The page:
Your baby’s skin is precious – it provides important protection for them but it also needs protection from the elements.
It won’t come as much of a surprise that baby skin is different to adult skin. Your baby’s skin is constantly changing as they grow, so taking good care of it in their first few years in critical.
Why does baby skin need care?
New skin produces less melanin and is much more susceptible to sun damage. As well as this, a baby’s epidermis and dermis (top and lower level of the skin) have fewer hemidesmosomes between them and more fat. This means that it does not provide as strong a barrier as adult skin does, and foreign substances can “seep in” more easily. This can result in irritation so harsh substances need to be avoided.
When it comes to skin health, prevention is always better than cure.
Tips for baby skin health
With everyday routines, there are so many ways we can ensure that bub has the best skin care possible.
Bath time tips
Doesn’t have to be every day
While many parents think a daily bath will keep unwanted germs away, natural oils and other substances on the baby’s skin actually form a protective barrier from potential allergens and rashes. Frequent bathing – more than three times a week – remove these oils and can dry out the baby’s skin. It is enough to keep bub clean with a bath two or three times a week. You can wipe any muck off their skin in between baths.
Go easy on the suds! Always choose a non-irritating baby wash that is specifically formulated for bub’s age group. These contain no or fewer dyes, fragrances, weird chemicals, and other ingredients that may irritate the baby’s skin.
Never keep your eyes off bub during bath time. Dips in the bathtub are not encouraged until the baby’s umbilical stump falls off. A sponge bath around the nappy area will suffice until then.
The ideal temperature for bathwater is 36-37 degrees for bathwater. If your baby has eczema, a slightly cooler 35-36 degrees is recommended. Test the temperature with your elbow or the inside of your wrist – it should be comfortable to you. If in doubt, a cooler temperature is better than risking scalding your baby’s skin.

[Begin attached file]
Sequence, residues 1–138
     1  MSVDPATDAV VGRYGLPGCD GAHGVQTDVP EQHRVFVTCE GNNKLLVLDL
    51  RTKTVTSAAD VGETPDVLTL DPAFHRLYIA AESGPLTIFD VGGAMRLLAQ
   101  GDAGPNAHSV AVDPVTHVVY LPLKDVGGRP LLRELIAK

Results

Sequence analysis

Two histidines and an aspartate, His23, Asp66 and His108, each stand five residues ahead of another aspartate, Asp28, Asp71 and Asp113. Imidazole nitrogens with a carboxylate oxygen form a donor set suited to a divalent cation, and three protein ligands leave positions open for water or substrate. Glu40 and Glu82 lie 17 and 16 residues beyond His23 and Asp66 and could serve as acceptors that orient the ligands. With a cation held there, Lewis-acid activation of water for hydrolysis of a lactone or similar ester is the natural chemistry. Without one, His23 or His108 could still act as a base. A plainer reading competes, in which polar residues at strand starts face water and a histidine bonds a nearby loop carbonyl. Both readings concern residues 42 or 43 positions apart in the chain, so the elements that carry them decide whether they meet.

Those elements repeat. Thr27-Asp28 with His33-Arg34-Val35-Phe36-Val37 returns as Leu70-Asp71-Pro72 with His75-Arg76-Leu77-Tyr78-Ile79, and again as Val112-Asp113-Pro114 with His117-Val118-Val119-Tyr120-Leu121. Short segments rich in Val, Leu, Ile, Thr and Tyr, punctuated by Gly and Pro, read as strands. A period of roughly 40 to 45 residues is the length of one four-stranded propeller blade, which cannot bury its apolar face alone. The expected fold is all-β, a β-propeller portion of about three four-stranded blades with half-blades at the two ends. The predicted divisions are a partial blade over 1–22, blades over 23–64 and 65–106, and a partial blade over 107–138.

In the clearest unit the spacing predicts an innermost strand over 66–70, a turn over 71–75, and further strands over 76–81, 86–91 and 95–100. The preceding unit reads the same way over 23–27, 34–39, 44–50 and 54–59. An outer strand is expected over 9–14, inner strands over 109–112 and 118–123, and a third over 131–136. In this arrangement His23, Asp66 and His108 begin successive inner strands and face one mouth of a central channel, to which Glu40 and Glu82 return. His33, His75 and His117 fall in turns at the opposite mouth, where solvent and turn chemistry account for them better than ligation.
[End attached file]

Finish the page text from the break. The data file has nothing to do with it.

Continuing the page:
Gently towel dry bub by patting them. Ensure moisture is dried in skin creases and hard to reach places.
Baby’s skin is prone to dryness. Moisturisers should be applied immediately after bub is patted dry to prevent dry skin.
You may consider bathing bub at a more regular basis when they begin on solids and crawling around. Things are about to get messy!
Nappy change tips
Chances are that at some point you will encounter nappy rash – if you haven’t already. Nappies often contain materials that keep leaks in – unfortunately it also reduces air flow! Nappy rash is usually caused by your baby’s skin coming into contact with all those nasty things that are left behind without thorough cleaning.
Clean thoroughly and pat dry - The cleaner and drier the baby’s bottom, the happier bub’s skin will be. Use a gentle disposable baby wipe or wash cloth during each nappy change. Allow the skin to dry – avoid rubbing – before changing to a fresh nappy.
Use barrier cream - A barrier cream can help prevent and treat nappy rash. Avoid talc as the powder can irritate the baby’s lungs.
Allow fresh air when possible - Give the baby as much nappy-free time as you can. Going nappy-less for a while can help air out the baby’s bum and help nappy rash heal.
Play time tips
It’s beneficial for you and the baby to get outside for some fresh air. Whilst that may be the case, direct sun exposure on their skin is not generally recommended. Protecting bub’s delicate skin from the sun’s harsh skin is the most important baby skincare step you can take.
Sun protection - Physical protection – in the form of protective clothing and shade – is a preferred over using sun cream. Use brimmed hats, covered clothing, and sunshades on the stroller and in the car to prevent direct sun exposure.
Sun cream - Sunscreen isn’t recommended for babies under six months old – try to stick to the shade and protective clothing. However, it is safer to use some sunscreen in hard to cover areas rather than none. Rub it in well. Use a broad spectrum baby sunscreen if possible.
Always wash new clothing, blankets, and towels that the baby will come in contact with before using them.
Safe detergent - Give the baby as much nappy-free time as you can. Going nappy-less for a while can help air out the baby’s bum and help nappy rash heal.
Well rinsed - Baby detergents, and even normal detergents, can leave a residue after washing. Ensure that the laundry is well rinsed and dried before using.
For more information on baby skin care, take a look at our baby bath tips, eczema and nappy rash pages.